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  #39  
Old 08-29-2017, 01:42 PM
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Bill Boyd Bill Boyd is offline
 
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Default the whole upside down after ditching thing

I've read the threads about James Bond's mini-SCUBA rescue devices, etc.

Wondering what it would take in terms of effort/cost/weight to put enough flotation in an RV to keep it afloat awhile, even upside down, to allow egress assuming occupants were uninjured and doors operating normally.

How many ping pong balls in the wings? How many inflated condoms? How much expanding foam? Seal the holes in the tailcone/wing bays enough to allow control movement and very slow ingress of water? Inflatable raft in the back to yank if you ditch but leave in place behind the baggage bulkhead?

It would be nice to know the actual liquid displacement of a flooded/submerged RV. All calcs would have to start from there.
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  #40  
Old 08-29-2017, 01:49 PM
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1001001 1001001 is offline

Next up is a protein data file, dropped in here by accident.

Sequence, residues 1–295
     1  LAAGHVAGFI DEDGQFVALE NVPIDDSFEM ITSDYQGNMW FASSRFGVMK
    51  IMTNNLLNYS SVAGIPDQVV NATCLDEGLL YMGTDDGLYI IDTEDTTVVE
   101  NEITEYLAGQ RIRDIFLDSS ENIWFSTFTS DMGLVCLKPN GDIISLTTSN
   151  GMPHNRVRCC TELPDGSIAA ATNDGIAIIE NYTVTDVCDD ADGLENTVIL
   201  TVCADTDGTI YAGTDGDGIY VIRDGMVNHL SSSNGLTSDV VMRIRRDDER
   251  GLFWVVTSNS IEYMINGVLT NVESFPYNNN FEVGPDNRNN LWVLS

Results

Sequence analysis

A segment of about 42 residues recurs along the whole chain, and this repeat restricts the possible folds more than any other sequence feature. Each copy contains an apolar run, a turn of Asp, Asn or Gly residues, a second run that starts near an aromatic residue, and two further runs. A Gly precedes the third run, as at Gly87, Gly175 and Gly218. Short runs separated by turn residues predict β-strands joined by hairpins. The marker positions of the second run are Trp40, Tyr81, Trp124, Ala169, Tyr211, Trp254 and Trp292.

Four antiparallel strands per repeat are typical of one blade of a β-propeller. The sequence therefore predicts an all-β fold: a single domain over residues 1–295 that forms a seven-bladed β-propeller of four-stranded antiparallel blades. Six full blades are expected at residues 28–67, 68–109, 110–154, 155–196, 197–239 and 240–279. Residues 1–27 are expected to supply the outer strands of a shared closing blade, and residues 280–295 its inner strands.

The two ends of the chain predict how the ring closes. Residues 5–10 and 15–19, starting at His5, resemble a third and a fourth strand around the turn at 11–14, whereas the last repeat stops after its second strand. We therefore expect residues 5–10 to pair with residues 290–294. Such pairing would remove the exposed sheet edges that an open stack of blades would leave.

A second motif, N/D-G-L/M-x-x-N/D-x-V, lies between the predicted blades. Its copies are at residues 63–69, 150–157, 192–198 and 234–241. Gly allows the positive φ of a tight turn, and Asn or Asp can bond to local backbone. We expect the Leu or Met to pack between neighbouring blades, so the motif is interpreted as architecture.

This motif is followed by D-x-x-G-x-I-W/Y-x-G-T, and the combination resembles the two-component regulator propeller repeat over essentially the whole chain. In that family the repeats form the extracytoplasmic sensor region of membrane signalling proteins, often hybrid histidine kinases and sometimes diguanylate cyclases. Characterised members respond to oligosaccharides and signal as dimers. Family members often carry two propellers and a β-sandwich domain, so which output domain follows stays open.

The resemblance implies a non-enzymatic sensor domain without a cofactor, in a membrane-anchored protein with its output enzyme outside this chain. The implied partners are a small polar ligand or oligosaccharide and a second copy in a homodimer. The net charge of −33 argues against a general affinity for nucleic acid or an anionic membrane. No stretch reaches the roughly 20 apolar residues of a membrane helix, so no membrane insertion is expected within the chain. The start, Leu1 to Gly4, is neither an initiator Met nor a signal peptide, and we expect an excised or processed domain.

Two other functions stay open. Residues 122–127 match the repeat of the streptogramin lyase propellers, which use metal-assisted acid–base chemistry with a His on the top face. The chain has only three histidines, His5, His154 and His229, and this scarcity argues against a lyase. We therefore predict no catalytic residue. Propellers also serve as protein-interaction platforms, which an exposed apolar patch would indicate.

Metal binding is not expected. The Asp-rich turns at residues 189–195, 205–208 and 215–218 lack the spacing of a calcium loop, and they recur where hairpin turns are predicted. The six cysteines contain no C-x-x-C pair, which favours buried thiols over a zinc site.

Join Date: Dec 2014
Location: Just Minutes from KBVI!
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Quote:
Originally Posted by Bill Boyd View Post
I've read the threads about James Bond's mini-SCUBA rescue devices, etc.

Wondering what it would take in terms of effort/cost/weight to put enough flotation in an RV to keep it afloat awhile, even upside down, to allow egress assuming occupants were uninjured and doors operating normally.

How many ping pong balls in the wings? How many inflated condoms? How much expanding foam? Seal the holes in the tailcone/wing bays enough to allow control movement and very slow ingress of water? Inflatable raft in the back to yank if you ditch but leave in place behind the baggage bulkhead?

It would be nice to know the actual liquid displacement of a flooded/submerged RV. All calcs would have to start from there.

Maybe just assemble the whole airframe with Proseal, and install some additional solid bulkhead ribs to allow for watertight compartments?